I saw a documentary about the battle of (or for) Moscow by the Nazis during WW II. The Nazi forces came extremely close to capturing Moscow, and reportedly Stalin serious considered abandoning the city, to re-establish Soviet forces to the east.
By December 7, the Soviet armies had suffered incredible losses, and the situation was beyond dire, with so many unknowns to be factored in - but then Japan attacked Pearl Harbor in a sneak operation, and Stalin knew that the US would enter the war. That fact played some part in his decision not to leave Moscow, and Hitler was reportedly both surprised and furious with the Japanese for launching the attack before he'd been able to take Moscow.
Mind you, there's nothing the US did, other than declare war on Japan on December 8, then on Germany on December 11 (hours after Hitler declared war on the US), but it was a strong piece of propaganda which could give some increased hope against the German war machine.
The US can't take any credit for what the Soviet armies did against the Nazis in the battle of Moscow, but the Japanese attack on Dec. 7 was just one of the stupidest political mistakes the Axis powers made in WW II. If Japan had consulted with Hitler before launching its attack, or just waited a month, that faint glint of help from afar would not have appeared. It changed the complexion of the war immediately, because Stalin knew that, eventually, Hitler would have to deal with both the British and the Americans, sapping some of the strength from the German armies invading Russia.
you repeat like a parrot the «official» version. The ugly truth is that Roosevelt was a bolshevik as much as is father Ted and president Wilson. Japan had no choice because of the oil embargo (to help Stalin) and because the fleet in P.H. was protecting the british oil field in Indonesia. Germans had no choice to invade because Stalin broke the secret covenant by annexing n. Bucovina and amassed large troops all along western soviet borders, specially in Bucovina. the soviets were supplying the oil (and other ressources) to the Germans before the invasion, and if they had invaded Romania, Germans would not have any oil for the war. Stalin had prepared 21 millions soldiers for the war (with supplies from the U.S. from the beginning), so he was assured to have the victory and invade Europe as a savior. But with only 3 millions soldiers, with less equipments and supplies, the Germans succeeded to scare the hell out of the bolsheviks in the Kremlin and Washington.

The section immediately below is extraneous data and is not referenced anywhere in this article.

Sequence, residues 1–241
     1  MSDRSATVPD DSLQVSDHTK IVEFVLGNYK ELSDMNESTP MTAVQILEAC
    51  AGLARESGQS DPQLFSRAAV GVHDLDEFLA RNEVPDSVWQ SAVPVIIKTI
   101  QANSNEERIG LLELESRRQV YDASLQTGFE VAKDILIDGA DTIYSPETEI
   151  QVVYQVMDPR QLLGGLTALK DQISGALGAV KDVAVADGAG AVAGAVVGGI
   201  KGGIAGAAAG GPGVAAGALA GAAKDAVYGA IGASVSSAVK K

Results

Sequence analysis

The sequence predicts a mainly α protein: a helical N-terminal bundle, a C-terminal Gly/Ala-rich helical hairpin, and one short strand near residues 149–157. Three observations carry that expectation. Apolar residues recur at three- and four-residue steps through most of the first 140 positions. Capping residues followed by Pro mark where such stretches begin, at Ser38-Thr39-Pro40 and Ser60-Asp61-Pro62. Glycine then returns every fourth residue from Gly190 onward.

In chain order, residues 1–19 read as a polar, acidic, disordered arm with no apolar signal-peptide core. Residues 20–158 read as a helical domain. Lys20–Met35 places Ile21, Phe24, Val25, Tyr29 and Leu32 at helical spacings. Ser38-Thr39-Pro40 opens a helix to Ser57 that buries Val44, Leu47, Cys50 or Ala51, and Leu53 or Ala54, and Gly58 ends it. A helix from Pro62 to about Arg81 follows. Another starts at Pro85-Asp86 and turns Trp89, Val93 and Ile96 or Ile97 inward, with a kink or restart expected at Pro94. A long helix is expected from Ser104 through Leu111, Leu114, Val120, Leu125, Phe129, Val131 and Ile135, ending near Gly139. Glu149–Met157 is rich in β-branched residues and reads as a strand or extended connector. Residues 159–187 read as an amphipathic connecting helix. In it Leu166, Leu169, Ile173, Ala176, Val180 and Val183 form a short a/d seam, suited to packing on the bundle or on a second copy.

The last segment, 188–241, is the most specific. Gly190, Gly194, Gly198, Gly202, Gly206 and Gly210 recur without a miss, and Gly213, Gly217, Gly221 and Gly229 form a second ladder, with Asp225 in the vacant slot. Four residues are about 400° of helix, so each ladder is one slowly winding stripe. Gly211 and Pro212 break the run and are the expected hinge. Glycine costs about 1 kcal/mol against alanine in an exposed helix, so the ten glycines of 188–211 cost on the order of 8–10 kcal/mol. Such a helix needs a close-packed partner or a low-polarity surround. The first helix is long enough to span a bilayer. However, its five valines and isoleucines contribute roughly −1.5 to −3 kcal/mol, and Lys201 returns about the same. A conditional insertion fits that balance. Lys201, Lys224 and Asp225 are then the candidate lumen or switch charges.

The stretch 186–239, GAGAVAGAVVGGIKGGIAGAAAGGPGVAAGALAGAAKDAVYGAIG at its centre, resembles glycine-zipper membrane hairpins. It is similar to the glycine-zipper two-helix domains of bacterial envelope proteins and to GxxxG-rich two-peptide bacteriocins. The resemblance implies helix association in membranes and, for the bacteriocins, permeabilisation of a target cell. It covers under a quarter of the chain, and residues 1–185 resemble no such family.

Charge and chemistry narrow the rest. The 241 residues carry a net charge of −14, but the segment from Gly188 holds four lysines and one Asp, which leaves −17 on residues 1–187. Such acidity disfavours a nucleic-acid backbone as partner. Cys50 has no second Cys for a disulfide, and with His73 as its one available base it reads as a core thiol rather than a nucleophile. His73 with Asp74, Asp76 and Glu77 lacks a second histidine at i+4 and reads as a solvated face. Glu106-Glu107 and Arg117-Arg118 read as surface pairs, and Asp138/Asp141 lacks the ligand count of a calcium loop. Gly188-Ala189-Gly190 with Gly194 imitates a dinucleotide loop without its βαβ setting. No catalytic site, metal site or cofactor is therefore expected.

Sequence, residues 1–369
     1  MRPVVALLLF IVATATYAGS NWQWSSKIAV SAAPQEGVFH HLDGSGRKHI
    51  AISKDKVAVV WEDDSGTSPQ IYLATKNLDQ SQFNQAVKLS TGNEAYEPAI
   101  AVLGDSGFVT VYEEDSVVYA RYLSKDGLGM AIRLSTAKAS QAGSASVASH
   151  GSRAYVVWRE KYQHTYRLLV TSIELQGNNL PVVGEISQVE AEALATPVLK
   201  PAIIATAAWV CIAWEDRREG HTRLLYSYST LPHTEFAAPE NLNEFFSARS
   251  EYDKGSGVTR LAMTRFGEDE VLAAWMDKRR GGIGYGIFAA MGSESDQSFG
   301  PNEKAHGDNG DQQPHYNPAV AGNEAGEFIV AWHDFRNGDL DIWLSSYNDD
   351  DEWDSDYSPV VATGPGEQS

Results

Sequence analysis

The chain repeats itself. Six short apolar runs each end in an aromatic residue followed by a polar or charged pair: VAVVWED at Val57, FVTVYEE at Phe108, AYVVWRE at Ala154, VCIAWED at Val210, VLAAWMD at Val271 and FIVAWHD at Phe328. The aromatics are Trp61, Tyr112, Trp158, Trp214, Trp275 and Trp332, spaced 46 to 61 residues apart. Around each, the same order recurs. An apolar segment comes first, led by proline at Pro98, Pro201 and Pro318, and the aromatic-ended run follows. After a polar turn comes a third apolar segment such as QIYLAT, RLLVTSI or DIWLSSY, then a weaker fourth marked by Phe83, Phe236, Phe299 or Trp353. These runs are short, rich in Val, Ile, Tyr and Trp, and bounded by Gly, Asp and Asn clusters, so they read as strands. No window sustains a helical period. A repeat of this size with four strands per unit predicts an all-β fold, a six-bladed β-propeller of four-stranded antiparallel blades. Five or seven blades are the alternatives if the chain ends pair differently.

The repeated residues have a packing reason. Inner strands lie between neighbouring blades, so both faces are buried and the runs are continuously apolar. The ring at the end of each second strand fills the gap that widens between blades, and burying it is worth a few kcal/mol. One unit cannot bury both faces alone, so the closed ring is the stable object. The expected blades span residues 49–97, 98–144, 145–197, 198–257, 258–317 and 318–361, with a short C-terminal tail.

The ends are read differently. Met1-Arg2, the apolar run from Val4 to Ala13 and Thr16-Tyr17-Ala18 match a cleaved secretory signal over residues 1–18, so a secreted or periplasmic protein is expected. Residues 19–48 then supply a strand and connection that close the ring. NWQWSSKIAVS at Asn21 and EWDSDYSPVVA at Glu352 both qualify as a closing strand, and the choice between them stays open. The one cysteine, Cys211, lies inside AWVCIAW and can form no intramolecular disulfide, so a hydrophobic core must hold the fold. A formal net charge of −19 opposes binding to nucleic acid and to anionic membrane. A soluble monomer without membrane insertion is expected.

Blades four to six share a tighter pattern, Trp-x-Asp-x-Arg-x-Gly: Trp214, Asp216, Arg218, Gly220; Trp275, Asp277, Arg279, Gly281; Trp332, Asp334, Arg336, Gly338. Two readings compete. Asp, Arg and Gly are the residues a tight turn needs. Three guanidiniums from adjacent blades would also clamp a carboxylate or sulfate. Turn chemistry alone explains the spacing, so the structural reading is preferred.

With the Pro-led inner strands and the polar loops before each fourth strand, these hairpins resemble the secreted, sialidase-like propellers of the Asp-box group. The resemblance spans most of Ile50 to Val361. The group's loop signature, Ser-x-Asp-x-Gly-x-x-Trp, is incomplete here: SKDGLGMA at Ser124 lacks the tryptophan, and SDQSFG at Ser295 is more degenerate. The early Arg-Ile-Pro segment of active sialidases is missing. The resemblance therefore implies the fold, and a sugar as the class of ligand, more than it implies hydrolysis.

Theoretically it could be «седьмо́е число́» («Сего́дня седьмо́е число́ декабря́» sounds OK), but I don't think it describes anything at all. Neuter singular adjectives are often used without a noun, as in the proverb «лу́чшее — вра́г хоро́шего» 'perfect is the enemy of good'.
число is pretty obscure. as "day (of the month)" I found it as the 3rd definition in Katzner's dictionary.
This is a failing of Duo - putting this stuff out without explaining what's going on, when a simple explanation is not that hard to come up with.
If it weren't for [deactivated user], I don't know if I would ever have figure it out. That is such poor teaching, it's more than irritating.
I'm still confused by the grammar.
- Is седмое neuter and in the nominative case?
Neuter because it refers to the implicit word число́ mentioned by 'deactivated user' above? So are the days of the month always stated with an implicit reference to this neuter word?
Nominative because it's the predicate?
- дека́брь is a masculine noun. So it's in the genitive case here, because we're saying "of December"?